Monday, September 18, 2017 (All day)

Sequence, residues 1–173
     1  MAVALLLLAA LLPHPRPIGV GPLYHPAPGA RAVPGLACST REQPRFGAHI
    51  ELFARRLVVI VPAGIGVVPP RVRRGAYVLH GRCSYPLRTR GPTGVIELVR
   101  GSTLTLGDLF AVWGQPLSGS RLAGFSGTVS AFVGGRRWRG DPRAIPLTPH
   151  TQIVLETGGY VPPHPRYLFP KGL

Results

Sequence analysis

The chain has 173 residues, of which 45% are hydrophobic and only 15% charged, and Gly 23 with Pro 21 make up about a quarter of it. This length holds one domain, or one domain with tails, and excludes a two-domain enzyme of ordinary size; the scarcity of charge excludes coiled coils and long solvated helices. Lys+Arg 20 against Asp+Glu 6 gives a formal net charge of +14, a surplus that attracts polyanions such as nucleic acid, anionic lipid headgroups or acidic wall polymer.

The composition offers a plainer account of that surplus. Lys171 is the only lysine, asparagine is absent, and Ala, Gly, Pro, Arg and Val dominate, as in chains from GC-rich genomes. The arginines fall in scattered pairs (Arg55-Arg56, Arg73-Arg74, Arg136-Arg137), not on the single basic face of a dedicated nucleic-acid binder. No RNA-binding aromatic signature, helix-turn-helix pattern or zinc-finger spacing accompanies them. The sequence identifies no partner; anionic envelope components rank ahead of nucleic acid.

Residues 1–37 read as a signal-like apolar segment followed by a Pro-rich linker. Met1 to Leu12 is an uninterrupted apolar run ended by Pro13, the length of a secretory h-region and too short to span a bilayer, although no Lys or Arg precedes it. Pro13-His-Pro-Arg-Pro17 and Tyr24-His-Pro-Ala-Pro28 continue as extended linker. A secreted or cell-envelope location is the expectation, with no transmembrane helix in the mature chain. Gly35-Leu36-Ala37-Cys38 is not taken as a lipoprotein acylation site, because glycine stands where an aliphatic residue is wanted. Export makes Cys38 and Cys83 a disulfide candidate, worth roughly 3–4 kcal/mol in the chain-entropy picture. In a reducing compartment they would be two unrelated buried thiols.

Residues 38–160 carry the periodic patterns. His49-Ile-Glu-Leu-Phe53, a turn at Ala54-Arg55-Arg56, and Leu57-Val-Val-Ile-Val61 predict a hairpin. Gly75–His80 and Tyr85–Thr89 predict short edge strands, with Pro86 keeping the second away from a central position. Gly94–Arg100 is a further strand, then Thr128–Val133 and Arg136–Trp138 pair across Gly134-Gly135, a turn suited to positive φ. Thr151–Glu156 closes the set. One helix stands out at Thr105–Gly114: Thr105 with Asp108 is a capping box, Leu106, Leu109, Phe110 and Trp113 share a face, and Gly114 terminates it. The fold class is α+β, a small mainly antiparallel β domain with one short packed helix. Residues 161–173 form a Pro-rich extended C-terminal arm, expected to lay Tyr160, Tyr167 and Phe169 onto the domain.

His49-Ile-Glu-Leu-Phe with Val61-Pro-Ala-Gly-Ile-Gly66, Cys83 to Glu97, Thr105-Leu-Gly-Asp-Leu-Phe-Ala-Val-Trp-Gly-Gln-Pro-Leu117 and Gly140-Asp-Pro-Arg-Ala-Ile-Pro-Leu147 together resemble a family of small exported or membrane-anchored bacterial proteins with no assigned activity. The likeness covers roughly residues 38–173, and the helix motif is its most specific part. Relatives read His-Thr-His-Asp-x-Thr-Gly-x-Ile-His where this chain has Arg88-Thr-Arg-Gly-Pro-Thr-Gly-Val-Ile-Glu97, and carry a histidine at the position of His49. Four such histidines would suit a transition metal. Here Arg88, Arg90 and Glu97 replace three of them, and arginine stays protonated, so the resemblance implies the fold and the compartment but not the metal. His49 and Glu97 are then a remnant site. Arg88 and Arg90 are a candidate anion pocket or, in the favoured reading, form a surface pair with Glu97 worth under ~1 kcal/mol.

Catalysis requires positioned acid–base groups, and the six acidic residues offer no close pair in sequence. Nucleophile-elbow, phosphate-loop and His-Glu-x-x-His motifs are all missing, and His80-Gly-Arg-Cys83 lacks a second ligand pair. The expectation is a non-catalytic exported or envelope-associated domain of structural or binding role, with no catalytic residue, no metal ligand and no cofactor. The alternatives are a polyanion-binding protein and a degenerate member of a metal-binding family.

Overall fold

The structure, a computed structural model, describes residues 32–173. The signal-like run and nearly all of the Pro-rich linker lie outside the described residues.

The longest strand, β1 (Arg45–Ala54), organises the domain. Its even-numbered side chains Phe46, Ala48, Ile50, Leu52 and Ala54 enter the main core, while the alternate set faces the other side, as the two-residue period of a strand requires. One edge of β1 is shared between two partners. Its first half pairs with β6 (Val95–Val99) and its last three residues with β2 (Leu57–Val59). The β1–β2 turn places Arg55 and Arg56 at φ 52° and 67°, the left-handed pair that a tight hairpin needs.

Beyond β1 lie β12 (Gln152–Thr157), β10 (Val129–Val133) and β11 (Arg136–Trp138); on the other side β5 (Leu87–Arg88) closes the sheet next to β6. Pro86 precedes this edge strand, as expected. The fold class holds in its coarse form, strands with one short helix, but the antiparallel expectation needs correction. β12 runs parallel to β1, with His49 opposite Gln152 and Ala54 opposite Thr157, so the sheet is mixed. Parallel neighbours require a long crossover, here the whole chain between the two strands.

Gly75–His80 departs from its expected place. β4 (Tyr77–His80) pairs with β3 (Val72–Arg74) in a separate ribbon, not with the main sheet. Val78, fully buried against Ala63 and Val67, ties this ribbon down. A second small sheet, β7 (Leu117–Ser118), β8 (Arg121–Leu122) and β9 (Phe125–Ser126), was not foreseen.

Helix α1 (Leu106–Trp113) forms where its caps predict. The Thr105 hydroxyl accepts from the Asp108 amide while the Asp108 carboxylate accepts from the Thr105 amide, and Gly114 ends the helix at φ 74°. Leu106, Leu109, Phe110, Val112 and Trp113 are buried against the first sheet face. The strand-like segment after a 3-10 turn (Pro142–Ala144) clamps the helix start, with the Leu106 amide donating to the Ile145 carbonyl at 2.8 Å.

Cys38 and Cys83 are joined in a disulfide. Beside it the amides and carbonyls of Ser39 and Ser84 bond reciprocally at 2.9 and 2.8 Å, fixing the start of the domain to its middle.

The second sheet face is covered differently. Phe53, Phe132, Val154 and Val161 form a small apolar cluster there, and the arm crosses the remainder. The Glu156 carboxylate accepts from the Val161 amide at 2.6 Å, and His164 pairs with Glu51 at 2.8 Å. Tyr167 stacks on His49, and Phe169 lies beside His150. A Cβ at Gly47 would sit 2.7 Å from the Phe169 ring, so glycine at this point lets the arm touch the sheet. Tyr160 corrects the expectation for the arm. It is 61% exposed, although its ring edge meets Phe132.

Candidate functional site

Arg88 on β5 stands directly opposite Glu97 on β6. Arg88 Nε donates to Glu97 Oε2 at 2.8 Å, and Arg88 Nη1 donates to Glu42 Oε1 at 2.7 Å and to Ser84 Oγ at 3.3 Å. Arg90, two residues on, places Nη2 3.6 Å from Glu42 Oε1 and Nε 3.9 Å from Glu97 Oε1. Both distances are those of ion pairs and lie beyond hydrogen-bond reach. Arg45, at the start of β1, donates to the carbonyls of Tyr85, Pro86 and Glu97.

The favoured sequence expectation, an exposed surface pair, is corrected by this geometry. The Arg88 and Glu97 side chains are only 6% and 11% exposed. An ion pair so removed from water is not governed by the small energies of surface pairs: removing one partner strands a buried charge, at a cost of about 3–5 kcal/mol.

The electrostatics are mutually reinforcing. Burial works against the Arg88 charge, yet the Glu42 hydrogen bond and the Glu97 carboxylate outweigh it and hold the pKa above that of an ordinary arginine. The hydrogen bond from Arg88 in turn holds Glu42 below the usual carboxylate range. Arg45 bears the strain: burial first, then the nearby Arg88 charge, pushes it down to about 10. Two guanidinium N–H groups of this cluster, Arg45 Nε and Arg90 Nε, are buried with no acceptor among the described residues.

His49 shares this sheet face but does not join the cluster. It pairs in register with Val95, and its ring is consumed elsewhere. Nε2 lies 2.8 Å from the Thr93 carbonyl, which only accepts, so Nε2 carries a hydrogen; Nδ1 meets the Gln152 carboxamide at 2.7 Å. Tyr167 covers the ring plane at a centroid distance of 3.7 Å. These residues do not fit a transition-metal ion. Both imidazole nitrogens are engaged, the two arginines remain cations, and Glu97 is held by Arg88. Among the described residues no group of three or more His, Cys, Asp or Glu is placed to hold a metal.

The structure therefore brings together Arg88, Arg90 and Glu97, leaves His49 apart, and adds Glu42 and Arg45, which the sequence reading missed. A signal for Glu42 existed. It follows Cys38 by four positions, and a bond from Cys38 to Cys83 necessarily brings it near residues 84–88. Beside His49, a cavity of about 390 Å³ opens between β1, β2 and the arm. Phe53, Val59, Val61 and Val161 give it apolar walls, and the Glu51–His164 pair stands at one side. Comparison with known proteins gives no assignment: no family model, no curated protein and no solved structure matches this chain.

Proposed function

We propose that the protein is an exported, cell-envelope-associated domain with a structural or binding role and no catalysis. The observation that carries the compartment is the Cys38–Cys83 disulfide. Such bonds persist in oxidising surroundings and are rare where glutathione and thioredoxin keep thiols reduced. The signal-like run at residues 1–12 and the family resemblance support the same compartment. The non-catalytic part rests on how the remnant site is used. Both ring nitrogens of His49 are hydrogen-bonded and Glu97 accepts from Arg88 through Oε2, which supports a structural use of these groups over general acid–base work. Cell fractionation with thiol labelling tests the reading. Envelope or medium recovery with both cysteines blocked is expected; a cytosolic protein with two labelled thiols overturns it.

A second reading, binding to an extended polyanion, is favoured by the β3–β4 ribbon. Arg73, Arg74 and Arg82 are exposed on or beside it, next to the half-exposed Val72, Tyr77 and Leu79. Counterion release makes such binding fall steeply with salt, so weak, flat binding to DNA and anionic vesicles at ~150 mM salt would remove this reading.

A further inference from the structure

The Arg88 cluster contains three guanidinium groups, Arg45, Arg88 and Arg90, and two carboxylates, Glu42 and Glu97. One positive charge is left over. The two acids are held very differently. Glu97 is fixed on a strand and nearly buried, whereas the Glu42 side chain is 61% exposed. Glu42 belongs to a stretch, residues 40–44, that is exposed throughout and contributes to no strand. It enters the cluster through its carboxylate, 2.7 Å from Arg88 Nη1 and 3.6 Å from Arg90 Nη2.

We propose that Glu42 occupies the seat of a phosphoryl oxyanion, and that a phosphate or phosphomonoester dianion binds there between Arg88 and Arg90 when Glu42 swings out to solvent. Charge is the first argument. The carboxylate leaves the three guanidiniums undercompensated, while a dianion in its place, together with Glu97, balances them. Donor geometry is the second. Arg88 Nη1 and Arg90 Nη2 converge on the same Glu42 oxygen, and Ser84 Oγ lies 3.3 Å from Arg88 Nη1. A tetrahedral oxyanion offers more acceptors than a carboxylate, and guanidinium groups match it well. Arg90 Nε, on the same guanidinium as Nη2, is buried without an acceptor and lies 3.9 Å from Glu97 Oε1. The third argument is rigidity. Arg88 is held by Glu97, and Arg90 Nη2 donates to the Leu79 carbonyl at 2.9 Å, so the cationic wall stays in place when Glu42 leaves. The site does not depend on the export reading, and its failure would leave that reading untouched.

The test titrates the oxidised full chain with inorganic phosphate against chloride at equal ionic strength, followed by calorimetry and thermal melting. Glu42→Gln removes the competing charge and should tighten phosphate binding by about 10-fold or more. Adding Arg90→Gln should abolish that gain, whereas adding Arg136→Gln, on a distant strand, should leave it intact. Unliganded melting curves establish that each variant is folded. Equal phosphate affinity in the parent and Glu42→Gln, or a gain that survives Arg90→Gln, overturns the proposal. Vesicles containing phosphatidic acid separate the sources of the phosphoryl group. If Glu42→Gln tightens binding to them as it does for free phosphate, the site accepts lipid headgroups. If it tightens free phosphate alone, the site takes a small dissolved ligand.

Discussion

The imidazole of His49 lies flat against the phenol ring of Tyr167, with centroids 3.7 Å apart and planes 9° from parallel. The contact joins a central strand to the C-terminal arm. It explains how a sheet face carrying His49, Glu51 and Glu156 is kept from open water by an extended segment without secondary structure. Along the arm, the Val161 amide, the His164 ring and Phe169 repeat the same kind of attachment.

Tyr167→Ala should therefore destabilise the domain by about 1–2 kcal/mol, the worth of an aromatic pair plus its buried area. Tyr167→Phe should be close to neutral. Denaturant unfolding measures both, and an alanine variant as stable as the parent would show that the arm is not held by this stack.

The first intranasal (nose spray) treatment for the life-threatening effects of cyanide poisoning will be developed under an agreement between the U.S. Department of Health and Human Services’ Office of the Assistant Secretary for Preparedness and Response (ASPR) and Emergent BioSolutions of Gaithersburg, Maryland. Cyanide could be used as a chemical weapon against the United States. “Cyanide is easily obtained, and exposure to high levels of the chemical can cause death within minutes,” explained Rick Bright, Ph.D., director of the Biomedical Advanced Research and Development Authority (BARDA), a component of ASPR. “All currently approved cyanide antidotes are administered intravenously, which takes time, training, and medical resources. To save lives, first responders need a treatment they can administer easily within seconds in the field.” Under the 17-month, $12.7 million agreement announced today, Emergent will develop an intranasal, stabilized form of Isoamyl Nitrite. Amyl Nitrite traditionally has been used to treat angina pectoris, severe chest pain caused by an inadequate supply of oxygen-rich blood to the heart. Studies have shown Amyl Nitrite to be an effective treatment for cyanide poisoning, although the drug is not approved by the U.S. Food and Drug Administration specifically for this use. The company will develop a reformulated active ingredient, isoamyl nitrite, along with an intranasal delivery device, with the goal of gaining FDA approval. The contract can be extended up to a total of approximately $63 million over 5 years. As a BARDA partner, Emergent will conduct nonclinical and clinical safety and efficacy studies; manufacturing activities; all associated regulatory, quality assurance, management work, and administrative activities necessary prior to the initiation of a Phase 3 (large) clinical study. Development of this new drug is part of BARDA’s efforts to develop medical products and procedures to protect health and save lives in terrorist attacks, including those using chemical warfare agents like cyanide. Cyanide was used in World War I as a chemical weapon, in World War II concentration camps, and most recently this past spring in the Syrian Civil War. These treatments are among the post-exposure treatments and non-pharmaceutical interventions BARDA and its private partners are developing to counter the health effects of chemical exposure. Products include novel and repurposed therapeutics, and decontamination for treatment of exposure to any of four classes of chemical agents. BARDA continues to seek proposals for the development of effective products to treat injuries caused by chemical agents, including new products and new indications for products already in clinical use. The products must be easy to use in a mass casualty situation and safe and effective for all segments of the population. Proposals are accepted through the Broad Agency Announcement BARDA-CBRN-BAA-16-100-SOL-00001 at the Federal Business Opportunities website, www.fbo.gov. The project announced today is part of BARDA’s integrated portfolio for the advanced research and development, innovation, acquisition, and manufacturing of medical countermeasures – vaccines, drugs, therapeutics, diagnostic tools, and non-pharmaceutical products for public health emergency threats. These threats include chemical, biological, radiological, and nuclear agents, pandemic influenza, and emerging infectious diseases. ASPR leads HHS in preparing the nation to respond to and recover from adverse health effects of emergencies, supporting communities’ ability to withstand adversity, strengthening health and response systems, and enhancing national health security. HHS is the principal federal agency for protecting the health of all Americans and providing essential human services, especially for those who are least able to help themselves. To learn more about preparedness, response and recovery from the health impacts of disasters, visit the HHS [...]